The Importance of Technology in Credit Union Service
Remember the days when banking was always done face-to-face? It may seem like a distant memory, but there was a time – not that long ago – when banking was conducted when people walked into a branch.
Today, of course, Americans live in a 24/7 environment. They no longer want to be constrained by traditional “banker’s hours.” As a result, they expect their financial organizations to meet their needs by conforming to their schedules, rather than the other way around.
Convenience has become almost as important as confidence in the stability of their financial institutions.
To meet consumer demands to make transactions quickly, get accurate and timely answers to their questions, and conduct business at times that are convenient to them, more and more credit unions are taking advantage of the advances technology affords.
Electronic services like online banking, mobile banking, text banking, remote deposit, online statements and notices, imaging ATMs and online account opening are no longer just the domain of the big banks.
SECU offers a good case in point. This year alone, we finished converting deposit-taking ATMs to imaging technology, added alerts to online banking, and enhanced our mobile banking through a much improved user interface and iPhone app.
Shortly, we will be rolling out enhanced mobile banking on BlackBerry and Android, and also coming soon is remote deposit capture which will allow customers to use smart phones to make deposits.
All of that is just the tip of the iceberg, though. Increasingly, credit unions are engaging their customers through the use of social media. Facebook, Twitter and other social media sites give individuals a forum to ask questions and enhance their financial literacy. Members can stay current on important account news, as well as new or pending legislation, events, and promotions.
Just as important, social media sites make banking more convenient, particularly for consumers in the 18-35 age range who have strongly indicated that they prefer to interact online.
According to a recent survey by Fiserv Inc., 84% of 3,000 online consumers polled indicated that they regularly use social media. While only 11% said that they had connected to their financial institutions in that way, that number is rising as more credit unions adopt a social media policy.
Still, there is room for growth. Despite the high level of social media acceptance and use, only 10% of 166 financial services companies polled in a survey conducted by the Aite Group said they possessed “advanced knowledge” of social media. More than half considered themselves “novices” at using social media, however, while 30% admitted they devote no funding at all to social media campaigns.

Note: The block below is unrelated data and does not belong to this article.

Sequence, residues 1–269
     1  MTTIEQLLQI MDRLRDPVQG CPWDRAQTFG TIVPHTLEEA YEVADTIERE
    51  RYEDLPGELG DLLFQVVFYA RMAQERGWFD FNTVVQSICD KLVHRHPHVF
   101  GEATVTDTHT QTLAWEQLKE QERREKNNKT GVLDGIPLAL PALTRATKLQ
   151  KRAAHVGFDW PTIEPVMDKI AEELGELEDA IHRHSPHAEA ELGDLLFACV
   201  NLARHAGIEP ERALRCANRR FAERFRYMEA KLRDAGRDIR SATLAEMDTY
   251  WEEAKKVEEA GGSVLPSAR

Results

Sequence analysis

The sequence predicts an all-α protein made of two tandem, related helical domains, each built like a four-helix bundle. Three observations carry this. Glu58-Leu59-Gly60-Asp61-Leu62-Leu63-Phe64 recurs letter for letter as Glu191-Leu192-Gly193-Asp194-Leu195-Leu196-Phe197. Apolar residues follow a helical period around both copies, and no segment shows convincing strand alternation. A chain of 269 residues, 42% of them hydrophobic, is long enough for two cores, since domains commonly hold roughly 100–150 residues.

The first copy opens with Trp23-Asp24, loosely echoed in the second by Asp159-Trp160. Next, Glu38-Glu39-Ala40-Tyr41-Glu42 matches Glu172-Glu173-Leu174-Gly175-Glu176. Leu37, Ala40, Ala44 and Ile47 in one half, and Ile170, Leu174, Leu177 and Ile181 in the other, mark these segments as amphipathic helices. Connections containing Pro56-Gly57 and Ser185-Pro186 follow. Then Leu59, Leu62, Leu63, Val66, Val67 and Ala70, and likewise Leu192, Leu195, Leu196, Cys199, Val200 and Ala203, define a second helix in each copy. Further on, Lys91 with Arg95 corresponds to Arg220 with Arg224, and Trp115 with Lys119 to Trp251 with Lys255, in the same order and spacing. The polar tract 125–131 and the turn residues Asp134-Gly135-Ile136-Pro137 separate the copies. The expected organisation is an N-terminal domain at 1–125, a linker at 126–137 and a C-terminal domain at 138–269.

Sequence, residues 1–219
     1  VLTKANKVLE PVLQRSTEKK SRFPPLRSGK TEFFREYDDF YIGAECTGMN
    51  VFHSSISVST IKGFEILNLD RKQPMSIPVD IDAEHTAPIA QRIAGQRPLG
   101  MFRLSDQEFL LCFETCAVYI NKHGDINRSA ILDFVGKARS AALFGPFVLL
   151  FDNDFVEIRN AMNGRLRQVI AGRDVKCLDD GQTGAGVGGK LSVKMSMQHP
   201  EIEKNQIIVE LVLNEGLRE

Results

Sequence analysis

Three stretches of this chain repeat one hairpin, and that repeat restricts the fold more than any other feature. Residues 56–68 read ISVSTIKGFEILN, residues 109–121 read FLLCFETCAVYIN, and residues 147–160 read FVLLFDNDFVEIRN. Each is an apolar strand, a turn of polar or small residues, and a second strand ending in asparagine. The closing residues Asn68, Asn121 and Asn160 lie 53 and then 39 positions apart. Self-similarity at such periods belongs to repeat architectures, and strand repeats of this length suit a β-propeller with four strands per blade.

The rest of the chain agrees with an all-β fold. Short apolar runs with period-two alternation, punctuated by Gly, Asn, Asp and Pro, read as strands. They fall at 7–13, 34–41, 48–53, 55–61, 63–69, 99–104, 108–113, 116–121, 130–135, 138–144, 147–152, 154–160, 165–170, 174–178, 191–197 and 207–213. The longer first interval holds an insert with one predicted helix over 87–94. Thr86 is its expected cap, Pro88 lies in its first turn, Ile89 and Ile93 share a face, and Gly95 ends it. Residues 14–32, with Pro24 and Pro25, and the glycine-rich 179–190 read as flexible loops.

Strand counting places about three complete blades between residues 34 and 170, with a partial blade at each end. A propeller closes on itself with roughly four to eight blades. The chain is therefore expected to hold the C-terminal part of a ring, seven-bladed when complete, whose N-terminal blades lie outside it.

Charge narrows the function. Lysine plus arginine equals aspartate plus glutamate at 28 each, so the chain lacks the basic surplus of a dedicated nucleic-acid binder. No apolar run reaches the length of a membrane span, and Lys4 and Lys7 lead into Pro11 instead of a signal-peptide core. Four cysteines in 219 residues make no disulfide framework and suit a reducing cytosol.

Although social media is gradually gaining acceptance at credit unions across the nation, enhanced technology undoubtedly is playing a more prominent role in the design of the branches themselves. Despite the desire to bank whenever it is convenient, there are still times when people want or need face-to-face banking.
When such instances occur – and perhaps because service will always be paramount in distinguishing credit unions from banks – robust, technologically elite branch services are essential.
To that end, credit unions are designing modern branches that provide streamlined, efficient and effective services. In some cases, this means building new branches, but not necessarily. Refurbishing existing branches can make them more effective by today's standards.
Regardless, providing a modern branch experience that offers access to online banking, enhanced ATMs and cutting-edge teller stations not only helps people make their in-branch transactions faster and more effective, but also goes a long way toward enhancing the credit union’s reputation in the marketplace.
Of course, face-to-face service to assist in opening complex accounts or applying for loans needs to be available too. Technology can enhance – but never replace – the true one-on-one member service so many people have come to expect from credit unions.
As quickly as technology has changed and improved the way we do business, members can and will expect more changes to come.
Technology, when applied effectively, can provide solutions for enhanced member relationships. By combining online options with face-to-face access to information and service, credit unions are doing what it takes to make customers financially successful and improve the financial well-being of the communities we serve.
Rod Staatz is the president and CEO of the $2.2 billion, 243,000-member SECU in Linthicum, Md., and a member of the CUNA Board of Directors.